Sin embargo, de alguna manera detrás del concepto que empieza a extenderse como Personal branding, hay cosas que si que comparto, hace tiempo que dí con un artículo que he decidido desenterrar que me ha servido para reflexionar bastante sobre que quiero lograr, hacia donde quiero ir y que tipo de intencionalidad debe existir para lograr lo que uno quiere (O al menos para plantearme ciertas cosas sobre mi actitud ante la vida).
En realidad, y por sintetizar, es algo así como aplicar el marketing a tú vida personal. El artículo que os paso es algo agresivo quizá, pero tiene sus cosas interesantes a considerar... (de verdad de la buena)
Os dejo parte del artículo, si os interesa... seguid el leyendo AQUÍ (vía Fast Company)
What's the future of You?
It's over. No more vertical. No more ladder. That's not the way careers work anymore. Linearity is out. A career is now a checkerboard. Or even a maze. It's full of moves that go sideways, forward, slide on the diagonal, even go backward when that makes sense. (It often does.) A career is a portfolio of projects that teach you new skills, gain you new expertise, develop new capabilities, grow your colleague set, and constantly reinvent you as a brand.
As you scope out the path your "career" will take, remember: the last thing you want to do is become a manager. Like "résumé," "manager" is an obsolete term. It's practically synonymous with "dead end job." What you want is a steady diet of more interesting, more challenging, more provocative projects. When you look at the progression of a career constructed out of projects, directionality is not only hard to track -- Which way is up? -- but it's also totally irrelevant.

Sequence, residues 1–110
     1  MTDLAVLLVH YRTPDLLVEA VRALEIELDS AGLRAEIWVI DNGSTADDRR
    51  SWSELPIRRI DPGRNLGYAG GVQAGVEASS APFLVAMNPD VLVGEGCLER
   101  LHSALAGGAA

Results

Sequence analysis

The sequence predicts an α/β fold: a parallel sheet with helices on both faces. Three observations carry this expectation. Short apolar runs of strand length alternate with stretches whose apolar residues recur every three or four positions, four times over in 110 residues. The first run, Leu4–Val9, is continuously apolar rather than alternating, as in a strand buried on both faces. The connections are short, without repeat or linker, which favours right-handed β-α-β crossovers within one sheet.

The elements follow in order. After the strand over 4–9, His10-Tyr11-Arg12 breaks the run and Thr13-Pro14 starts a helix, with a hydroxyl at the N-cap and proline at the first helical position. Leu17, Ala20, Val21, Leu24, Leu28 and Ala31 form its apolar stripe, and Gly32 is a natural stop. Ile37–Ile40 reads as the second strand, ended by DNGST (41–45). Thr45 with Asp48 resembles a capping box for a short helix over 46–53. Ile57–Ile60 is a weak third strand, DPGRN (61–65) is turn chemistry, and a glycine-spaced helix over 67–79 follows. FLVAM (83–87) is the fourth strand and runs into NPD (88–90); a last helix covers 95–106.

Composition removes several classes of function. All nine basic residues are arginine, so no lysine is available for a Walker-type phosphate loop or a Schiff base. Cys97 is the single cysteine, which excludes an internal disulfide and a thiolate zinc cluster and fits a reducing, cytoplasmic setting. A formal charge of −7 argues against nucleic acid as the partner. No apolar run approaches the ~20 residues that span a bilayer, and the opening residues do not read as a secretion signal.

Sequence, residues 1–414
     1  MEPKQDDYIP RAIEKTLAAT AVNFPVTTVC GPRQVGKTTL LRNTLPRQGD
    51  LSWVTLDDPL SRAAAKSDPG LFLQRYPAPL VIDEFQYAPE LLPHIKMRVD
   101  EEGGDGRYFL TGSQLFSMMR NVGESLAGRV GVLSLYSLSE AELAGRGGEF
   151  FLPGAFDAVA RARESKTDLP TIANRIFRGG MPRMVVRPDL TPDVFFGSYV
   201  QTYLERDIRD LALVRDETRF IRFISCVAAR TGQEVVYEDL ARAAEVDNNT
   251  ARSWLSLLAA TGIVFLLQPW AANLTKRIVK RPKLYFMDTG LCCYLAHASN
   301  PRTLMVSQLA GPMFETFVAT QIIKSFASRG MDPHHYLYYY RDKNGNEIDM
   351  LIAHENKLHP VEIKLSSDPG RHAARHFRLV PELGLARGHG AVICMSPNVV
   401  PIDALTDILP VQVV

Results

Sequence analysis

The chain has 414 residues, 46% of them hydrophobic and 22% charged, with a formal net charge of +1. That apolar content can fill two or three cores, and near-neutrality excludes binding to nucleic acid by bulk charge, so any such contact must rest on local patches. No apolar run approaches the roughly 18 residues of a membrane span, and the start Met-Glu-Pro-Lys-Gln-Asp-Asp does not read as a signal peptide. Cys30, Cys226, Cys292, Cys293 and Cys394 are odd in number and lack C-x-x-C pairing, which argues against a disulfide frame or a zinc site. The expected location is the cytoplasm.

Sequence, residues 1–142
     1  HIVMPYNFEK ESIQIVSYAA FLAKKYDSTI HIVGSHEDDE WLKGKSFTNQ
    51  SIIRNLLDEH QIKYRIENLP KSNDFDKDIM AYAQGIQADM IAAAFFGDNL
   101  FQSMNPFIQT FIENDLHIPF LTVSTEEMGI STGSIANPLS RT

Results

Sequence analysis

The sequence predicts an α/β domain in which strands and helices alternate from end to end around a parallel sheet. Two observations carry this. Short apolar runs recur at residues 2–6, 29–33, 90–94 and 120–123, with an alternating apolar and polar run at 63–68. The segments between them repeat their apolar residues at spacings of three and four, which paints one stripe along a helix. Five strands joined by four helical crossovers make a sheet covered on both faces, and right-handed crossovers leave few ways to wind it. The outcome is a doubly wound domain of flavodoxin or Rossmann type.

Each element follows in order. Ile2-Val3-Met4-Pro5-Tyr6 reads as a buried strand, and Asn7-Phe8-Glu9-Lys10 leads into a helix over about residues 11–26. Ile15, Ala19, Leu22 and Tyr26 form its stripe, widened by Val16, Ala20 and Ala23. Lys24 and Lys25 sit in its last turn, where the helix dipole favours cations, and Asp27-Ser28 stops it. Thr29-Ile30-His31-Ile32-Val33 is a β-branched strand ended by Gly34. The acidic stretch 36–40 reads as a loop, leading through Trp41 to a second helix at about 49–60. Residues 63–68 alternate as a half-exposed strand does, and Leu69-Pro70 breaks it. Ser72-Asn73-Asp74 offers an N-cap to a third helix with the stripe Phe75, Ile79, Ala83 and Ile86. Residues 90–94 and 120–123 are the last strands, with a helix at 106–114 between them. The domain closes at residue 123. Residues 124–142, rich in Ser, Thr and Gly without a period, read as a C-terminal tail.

Instead of making yourself a slave to the concept of a career ladder, reinvent yourself on a semiregular basis. Start by writing your own mission statement, to guide you as CEO of Me Inc. What turns you on? Learning something new? Gaining recognition for your skills as a technical wizard? Shepherding new ideas from concept to market? What's your personal definition of success? Money? Power? Fame? Or doing what you love? However you answer these questions, search relentlessly for job or project opportunities that fit your mission statement. And review that mission statement every six months to make sure you still believe what you wrote.
No matter what you're doing today, there are four things you've got to measure yourself against. First, you've got to be a great teammate and a supportive colleague. Second, you've got to be an exceptional expert at something that has real value. Third, you've got to be a broad-gauged visionary -- a leader, a teacher, a farsighted "imagineer." Fourth, you've got to be a businessperson -- you've got to be obsessed with pragmatic outcomes.
Felíz domingo!!! ;-)